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12 August 2016, 08:08 | Updated: 12 August 2016, 08:10
A campaign's starting to get more potentially life-saving defibrillators installed around Portsmouth.
South Central Ambulance Service and city MP Penny Mordaunt are also trying to get more people to learn how to perform CPR.
Paramedics are doing a free training session at Lakeside on Friday 12 August, from 11am-12.30pm.
Dick Tracey, Community Responder Manager at SCAS, has led a successful campaign in Oxfordshire to install more public access defibrillators (PADs) and now is extending that to Portsmouth. He also wants to encourage more local people to learn how to perform life-saving CPR or cardiopulmonary resuscitation.
Dick said: "Over the last few years, SCAS has trained over 4,000 people in Oxfordshire to perform effective CPR and installed over 400 defibrillators. We now want to repeat that success in Portsmouth and the surrounding areas.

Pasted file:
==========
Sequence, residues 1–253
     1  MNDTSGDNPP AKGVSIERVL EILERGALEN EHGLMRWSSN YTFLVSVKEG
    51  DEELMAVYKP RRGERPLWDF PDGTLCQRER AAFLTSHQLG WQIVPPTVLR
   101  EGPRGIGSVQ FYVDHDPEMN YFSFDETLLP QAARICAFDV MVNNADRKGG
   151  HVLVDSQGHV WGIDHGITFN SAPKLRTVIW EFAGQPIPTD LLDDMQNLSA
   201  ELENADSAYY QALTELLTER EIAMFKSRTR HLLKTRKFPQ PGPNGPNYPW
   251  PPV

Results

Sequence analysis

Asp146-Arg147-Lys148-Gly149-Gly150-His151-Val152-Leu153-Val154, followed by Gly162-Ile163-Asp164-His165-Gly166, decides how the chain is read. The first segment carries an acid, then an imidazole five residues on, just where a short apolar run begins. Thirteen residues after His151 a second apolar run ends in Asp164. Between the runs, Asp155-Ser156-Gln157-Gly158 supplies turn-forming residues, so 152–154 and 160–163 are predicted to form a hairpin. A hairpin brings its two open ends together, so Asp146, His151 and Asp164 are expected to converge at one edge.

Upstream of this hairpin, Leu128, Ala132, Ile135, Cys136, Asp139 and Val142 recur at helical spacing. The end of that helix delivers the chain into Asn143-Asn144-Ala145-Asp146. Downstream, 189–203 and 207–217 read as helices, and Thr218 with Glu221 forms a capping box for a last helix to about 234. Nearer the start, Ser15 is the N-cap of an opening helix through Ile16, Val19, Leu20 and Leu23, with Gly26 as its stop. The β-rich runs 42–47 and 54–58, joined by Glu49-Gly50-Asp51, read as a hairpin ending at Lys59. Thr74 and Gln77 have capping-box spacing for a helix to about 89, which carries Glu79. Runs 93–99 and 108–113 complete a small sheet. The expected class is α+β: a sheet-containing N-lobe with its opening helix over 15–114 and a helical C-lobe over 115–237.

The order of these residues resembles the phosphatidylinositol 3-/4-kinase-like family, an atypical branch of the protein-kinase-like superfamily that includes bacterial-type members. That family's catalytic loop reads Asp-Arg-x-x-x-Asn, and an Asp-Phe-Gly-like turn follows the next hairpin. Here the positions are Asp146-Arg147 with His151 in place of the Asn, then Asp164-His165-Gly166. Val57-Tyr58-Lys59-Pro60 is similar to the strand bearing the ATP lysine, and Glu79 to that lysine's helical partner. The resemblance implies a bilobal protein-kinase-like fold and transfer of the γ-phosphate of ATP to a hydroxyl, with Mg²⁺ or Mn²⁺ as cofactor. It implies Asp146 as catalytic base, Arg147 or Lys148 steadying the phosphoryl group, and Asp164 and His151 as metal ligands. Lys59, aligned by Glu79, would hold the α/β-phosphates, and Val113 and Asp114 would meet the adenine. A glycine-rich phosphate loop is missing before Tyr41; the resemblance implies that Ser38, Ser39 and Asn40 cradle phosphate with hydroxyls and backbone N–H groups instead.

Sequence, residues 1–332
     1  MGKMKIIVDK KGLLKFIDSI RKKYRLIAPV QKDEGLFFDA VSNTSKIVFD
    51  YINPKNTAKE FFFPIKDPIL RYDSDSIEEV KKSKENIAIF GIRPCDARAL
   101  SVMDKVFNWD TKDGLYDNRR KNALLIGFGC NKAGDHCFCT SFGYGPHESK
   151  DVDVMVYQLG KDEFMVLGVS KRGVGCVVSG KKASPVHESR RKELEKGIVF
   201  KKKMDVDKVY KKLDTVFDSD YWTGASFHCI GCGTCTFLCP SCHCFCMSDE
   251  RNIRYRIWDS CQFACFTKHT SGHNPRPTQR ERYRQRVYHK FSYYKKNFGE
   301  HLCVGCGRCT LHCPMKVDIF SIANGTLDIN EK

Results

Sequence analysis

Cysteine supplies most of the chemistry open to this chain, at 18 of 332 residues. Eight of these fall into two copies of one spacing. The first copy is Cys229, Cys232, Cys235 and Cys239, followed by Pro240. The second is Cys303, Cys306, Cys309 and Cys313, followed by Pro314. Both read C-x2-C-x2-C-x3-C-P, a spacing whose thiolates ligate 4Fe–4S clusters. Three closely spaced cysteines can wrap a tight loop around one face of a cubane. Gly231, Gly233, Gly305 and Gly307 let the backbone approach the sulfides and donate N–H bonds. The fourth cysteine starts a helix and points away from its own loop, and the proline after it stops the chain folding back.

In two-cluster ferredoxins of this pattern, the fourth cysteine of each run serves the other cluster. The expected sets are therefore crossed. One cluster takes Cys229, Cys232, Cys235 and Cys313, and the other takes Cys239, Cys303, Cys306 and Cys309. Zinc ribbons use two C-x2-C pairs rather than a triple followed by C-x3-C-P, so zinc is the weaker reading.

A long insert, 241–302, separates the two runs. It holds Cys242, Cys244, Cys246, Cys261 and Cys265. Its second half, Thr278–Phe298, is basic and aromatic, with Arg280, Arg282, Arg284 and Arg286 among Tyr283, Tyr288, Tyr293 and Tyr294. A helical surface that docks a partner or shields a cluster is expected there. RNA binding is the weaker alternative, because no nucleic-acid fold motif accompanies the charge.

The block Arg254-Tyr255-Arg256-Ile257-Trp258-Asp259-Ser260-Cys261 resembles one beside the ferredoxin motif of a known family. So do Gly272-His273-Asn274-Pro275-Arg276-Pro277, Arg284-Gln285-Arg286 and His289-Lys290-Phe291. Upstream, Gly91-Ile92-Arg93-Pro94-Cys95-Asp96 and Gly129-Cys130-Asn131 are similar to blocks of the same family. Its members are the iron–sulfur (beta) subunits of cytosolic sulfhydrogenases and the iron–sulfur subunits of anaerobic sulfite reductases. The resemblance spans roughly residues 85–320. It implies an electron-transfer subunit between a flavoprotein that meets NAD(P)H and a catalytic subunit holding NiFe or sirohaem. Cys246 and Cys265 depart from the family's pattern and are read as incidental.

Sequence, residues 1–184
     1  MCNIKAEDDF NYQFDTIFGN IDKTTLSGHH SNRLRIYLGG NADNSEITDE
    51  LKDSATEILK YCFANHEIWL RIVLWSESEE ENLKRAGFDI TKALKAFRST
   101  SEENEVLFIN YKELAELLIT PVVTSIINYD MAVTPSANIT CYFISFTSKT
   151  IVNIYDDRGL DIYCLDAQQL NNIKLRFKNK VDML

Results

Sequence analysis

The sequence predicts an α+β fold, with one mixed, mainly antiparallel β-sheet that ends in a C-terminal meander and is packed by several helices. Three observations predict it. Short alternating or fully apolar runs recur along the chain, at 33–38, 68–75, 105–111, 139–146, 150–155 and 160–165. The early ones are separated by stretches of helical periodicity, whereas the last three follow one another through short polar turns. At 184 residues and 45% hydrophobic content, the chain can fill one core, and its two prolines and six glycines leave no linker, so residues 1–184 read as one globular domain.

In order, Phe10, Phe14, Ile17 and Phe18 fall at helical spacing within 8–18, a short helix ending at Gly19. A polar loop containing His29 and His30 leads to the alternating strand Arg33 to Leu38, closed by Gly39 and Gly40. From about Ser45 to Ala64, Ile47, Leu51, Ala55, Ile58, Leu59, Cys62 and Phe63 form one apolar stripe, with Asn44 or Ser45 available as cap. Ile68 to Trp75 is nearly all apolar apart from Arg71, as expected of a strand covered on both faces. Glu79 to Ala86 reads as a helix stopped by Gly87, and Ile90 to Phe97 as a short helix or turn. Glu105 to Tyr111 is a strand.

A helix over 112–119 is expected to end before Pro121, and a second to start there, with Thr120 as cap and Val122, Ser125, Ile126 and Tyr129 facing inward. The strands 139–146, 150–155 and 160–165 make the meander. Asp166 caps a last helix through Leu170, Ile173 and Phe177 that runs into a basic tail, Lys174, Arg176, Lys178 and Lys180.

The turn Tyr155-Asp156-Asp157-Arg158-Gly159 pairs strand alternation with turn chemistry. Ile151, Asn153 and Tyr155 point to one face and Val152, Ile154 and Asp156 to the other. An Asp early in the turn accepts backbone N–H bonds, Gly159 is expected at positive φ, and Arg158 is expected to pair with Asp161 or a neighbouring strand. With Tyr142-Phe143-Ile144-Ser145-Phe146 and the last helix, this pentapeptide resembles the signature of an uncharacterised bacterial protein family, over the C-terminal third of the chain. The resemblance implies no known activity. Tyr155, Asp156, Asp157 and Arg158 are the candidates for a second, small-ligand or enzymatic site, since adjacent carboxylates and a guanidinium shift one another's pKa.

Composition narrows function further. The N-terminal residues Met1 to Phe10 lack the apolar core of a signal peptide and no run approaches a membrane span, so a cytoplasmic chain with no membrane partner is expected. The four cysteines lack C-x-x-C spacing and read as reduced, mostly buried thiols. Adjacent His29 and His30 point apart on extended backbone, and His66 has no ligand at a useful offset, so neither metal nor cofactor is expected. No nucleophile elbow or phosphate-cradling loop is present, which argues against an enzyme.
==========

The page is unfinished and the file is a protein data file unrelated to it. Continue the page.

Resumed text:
"If you suffer a cardiac arrest, for every minute that passes your chances of survival reduce by 10%. That's why it's our aim in SCAS to get to the point where everyone in the South Central region would be within 8 minutes of their nearest defibrillator."
SCAS attends, on average, five patients in the South Central region every day who are either in cardiac arrest or who have suffered a heart attack.
Portsmouth North MP Penny Mordaunt said:
"65 people who died last year of a cardiac arrest in the Portsmouth area perhaps could have been saved if a defib or someone with knowledge of CPR was on hand.
"We are campaigning to massively increase the chances of surviving a heart attack in the Portsmouth area.
"The first phase of the campaign has been to identify and map where defibs are in the city and SE ambulance service now have this information available to their 999 call handlers.
"Today we are launching the next phase of the campaign- to get as many people as possible learning how to use a defib and how to do CPR. We are doing a mass training session at lakeside North harbour to launch his part of the campaign. There will be an ongoing training programme for anyone in the city who wants to learn provided by the ambulance service and other training providers.
"The next stages will be to increase the number of defibs available in the city and fundraising to fill the gaps. We are also doing some work with our schools and colleges.
"It is not difficult to be a life saver and I hope many people will step forward to discover just how easy it is."